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  • Cisco NexusOL-23587-03

    C H A P T E R 35

    Verifying Connectivity with MPLS LSP Ping and Traceroute

    This chapter describes how to verify Multiprotocol Label Switching (MPLS) connectivity with the MPLS label switched protocol (LSP) ping and traceroute feature.

    This chapter includes the following sections:

    Finding Feature Information, page 35-1

    Information About MPLS LSP Ping and Traceroute, page 35-1

    Licensing Requirements for MPLS LSP Ping and Traceroute, page 35-9

    Prerequisites for MPLS LSP Ping and Traceroute, page 35-9

    Guidelines and Limitations for MPLS LSP Ping and Traceroute, page 35-9

    Configuring MPLS LSP Ping and Traceroute, page 35-10

    Troubleshooting Examples Using MPLS LSP Ping and Traceroute, page 35-23

    Additional References for MPLS LSP Ping and Traceroute, page 35-44

    Feature History for MPLS LSP Ping and Traceroute, page 35-44

    Finding Feature InformationYour software release might not support all the features documented in this module. For the latest caveats and feature information, see the Bug Search Tool at https://tools.cisco.com/bugsearch/ and the release notes for your software release. To find information about the features documented in this module, and to see a list of the releases in which each feature is supported, see the New and Changed Information chapter or the Feature History table below.

    Information About MPLS LSP Ping and TracerouteMPLS LSP ping and traceroute helps operators to monitor label switched paths (LSPs) and quickly isolate MPLS forwarding problems. You use MPLS LSP ping and traceroute to test LSP connectivity for IPv4 Label Distribution Protocol (LDP) prefixes and Resource Reservation Protocol (RSVP) traffic engineering (TE) LSPs.

    35-1 7000 Series NX-OS MPLS Configuration Guide

    https://tools.cisco.com/bugsearch/https://tools.cisco.com/bugsearch/

  • Chapter 35 Verifying Connectivity with MPLS LSP Ping and Traceroute Information About MPLS LSP Ping and Traceroute

    Internet Control Message Protocol (ICMP) ping and traceroute are used to help diagnose the root cause when a forwarding failure occurs. However, ping and traceroute might not detect LSP failures because an ICMP packet can be forwarded through IP to the destination when an LSP breakage occurs.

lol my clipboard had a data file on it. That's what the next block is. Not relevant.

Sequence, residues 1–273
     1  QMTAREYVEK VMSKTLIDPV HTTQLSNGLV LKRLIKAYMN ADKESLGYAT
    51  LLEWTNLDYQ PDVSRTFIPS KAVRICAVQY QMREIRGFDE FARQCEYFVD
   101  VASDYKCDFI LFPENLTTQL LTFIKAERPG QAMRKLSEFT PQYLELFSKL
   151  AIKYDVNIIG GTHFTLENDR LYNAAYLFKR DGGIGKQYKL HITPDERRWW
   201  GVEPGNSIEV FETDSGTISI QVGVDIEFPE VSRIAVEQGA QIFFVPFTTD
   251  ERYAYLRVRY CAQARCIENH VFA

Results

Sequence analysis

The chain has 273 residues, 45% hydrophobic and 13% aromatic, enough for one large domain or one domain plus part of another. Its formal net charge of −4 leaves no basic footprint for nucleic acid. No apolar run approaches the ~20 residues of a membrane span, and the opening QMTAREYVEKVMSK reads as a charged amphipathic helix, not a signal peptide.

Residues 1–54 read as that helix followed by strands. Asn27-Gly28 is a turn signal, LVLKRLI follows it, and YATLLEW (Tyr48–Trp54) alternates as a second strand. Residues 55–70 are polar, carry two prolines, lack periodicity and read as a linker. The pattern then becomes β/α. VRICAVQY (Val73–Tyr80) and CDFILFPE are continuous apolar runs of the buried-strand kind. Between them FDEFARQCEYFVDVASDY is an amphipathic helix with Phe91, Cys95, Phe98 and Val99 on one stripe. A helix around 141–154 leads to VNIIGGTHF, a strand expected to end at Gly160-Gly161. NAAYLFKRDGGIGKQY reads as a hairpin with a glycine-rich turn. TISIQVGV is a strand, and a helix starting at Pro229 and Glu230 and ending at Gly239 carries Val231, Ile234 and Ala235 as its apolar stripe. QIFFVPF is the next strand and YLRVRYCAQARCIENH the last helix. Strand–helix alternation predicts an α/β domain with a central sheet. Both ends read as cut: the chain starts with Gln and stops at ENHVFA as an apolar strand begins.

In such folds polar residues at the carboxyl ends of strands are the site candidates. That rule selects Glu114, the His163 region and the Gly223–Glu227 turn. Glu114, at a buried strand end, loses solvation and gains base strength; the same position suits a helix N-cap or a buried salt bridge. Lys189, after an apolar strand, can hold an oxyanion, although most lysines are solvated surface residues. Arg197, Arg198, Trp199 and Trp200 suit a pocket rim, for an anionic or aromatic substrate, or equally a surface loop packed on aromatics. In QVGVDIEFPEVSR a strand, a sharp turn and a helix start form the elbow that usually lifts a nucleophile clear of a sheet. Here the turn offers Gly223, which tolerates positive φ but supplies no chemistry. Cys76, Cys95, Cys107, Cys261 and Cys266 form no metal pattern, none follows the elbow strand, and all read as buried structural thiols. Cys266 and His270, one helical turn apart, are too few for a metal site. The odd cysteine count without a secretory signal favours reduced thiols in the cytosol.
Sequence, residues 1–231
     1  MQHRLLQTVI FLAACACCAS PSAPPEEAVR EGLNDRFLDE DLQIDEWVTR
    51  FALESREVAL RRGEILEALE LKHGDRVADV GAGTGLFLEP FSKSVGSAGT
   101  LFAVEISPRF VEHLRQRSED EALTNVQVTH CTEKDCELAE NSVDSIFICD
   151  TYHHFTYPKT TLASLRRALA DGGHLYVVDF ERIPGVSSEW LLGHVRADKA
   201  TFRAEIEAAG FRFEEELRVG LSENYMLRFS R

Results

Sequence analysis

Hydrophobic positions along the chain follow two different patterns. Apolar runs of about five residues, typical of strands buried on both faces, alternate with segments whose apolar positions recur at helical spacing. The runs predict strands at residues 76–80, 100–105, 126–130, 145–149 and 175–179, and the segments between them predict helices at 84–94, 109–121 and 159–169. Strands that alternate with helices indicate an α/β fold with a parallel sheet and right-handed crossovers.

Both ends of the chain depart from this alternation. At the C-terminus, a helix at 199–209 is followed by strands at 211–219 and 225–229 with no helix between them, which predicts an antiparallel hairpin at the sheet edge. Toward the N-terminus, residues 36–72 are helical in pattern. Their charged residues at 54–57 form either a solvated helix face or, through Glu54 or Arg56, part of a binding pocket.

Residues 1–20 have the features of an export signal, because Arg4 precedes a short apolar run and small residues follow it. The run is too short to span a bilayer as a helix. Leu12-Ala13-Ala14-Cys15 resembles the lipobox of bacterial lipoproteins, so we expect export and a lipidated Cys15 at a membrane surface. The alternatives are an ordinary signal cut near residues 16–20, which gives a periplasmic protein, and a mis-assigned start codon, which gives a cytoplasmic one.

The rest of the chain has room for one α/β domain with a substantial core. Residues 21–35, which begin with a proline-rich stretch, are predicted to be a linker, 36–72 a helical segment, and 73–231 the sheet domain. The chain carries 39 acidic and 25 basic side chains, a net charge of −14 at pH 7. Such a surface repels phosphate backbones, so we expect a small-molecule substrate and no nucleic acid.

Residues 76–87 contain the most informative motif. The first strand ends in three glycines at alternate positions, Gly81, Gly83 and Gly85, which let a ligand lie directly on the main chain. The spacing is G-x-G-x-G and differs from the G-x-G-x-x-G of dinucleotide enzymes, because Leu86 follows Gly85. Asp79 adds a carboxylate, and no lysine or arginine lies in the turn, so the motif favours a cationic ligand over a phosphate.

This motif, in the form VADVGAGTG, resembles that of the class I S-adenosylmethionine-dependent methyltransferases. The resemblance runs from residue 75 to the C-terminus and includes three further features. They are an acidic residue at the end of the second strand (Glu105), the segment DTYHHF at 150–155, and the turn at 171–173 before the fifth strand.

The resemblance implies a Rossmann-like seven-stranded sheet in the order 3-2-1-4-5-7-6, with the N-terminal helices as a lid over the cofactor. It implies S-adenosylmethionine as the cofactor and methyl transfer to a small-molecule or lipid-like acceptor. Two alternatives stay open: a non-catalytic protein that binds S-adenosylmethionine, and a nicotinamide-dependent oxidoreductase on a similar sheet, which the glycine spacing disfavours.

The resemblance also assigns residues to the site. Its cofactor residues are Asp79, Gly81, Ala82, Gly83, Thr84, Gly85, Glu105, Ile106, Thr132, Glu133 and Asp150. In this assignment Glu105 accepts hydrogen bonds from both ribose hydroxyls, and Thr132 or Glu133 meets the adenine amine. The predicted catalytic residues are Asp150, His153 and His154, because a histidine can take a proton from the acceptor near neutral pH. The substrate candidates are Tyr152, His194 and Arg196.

MPLS LSP ping and traceroute are well suited for identifying LSP breakages for the following reasons:

    An MPLS echo request packet cannot be forwarded through IP because its IP Time to Live (TTL) is set to 1 and its IP destination address field is set to a 127/8 address.

    The Forwarding Equivalence Class (FEC) being checked is not stored in the IP destination address field (as is the case of ICMP).

    MPLS echo request and reply packets test LSPs. The features described in this chapter are based on the IETF RFC 4379 Detecting Multi-Protocol Label Switched (MPLS) Data Plane Failures:

    Echo request output interface control

    Echo request traffic pacing

    Echo request end-of-stack explicit-null label shimming

    Echo request request-dsmap capability

    Request-fec checking

    Depth limit reporting

    The section includes the following topics:

    MPLS LSP Ping Operation, page 35-2

    Ping Draft Versions, page 35-3

    Cisco Vendor Extensions, page 35-3

    MPLS LSP Traceroute Operation, page 35-4

    MPLS Network Management with MPLS LSP Ping and MPLS LSP Traceroute, page 35-6

    IP Does Not Forward MPLS Echo Request Packets, page 35-7

    Virtual Circuit Connectivity Verification, page 35-8

    MPLS LSP Ping OperationYou can use MPLS LSP echo request and reply packets to validate an LSP by using the ping mpls command.

    The MPLS echo request packet is sent to a target router through the use of the appropriate label stack associated with the LSP to be validated. Use of the label stack causes the packet to be forwarded over the LSP.

    The destination IP address of the MPLS echo request packet is different from the address used to select the label stack. The destination IP address is defined as a 127.x.y.z/8 address. The 127.x.y.z/8 address prevents the IP packet from being forwarded over IP to its destination if the LSP is broken.

    An MPLS echo reply is sent in response to an MPLS echo request. The reply is sent as an IP packet and it is forwarded using IP, MPLS, or a combination of both types of switching. The source address of the MPLS echo reply packet is an address obtained from the router that is generating the echo reply. The destination address is the source address of the router that originated the MPLS echo request packet.

    The MPLS echo reply destination port is set to the echo request source port.

    Figure 35-1 shows MPLS LSP ping echo request and echo reply paths.

    35-2Cisco Nexus 7000 Series NX-OS MPLS Configuration Guide

    OL-23587-03